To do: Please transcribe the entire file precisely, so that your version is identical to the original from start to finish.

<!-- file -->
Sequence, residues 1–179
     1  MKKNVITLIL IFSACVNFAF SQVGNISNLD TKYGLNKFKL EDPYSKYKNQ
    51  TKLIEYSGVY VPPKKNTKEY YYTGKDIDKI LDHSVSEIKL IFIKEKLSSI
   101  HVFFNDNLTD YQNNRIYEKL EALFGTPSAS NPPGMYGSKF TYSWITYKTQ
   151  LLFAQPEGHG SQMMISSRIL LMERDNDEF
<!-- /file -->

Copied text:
Sequence, residues 1–179
     1  MKKNVITLIL IFSACVNFAF SQVGNISNLD TKYGLNKFKL EDPYSKYKNQ
    51  TKLIEYSGVY VPPKKNTKEY YYTGKDIDKI LDHSVSEIKL IFIKEKLSSI
   101  HVFFNDNLTD YQNNRIYEKL EALFGTPSAS NPPGMYGSKF TYSWITYKTQ
   151  LLFAQPEGHG SQMMISSRIL LMERDNDEF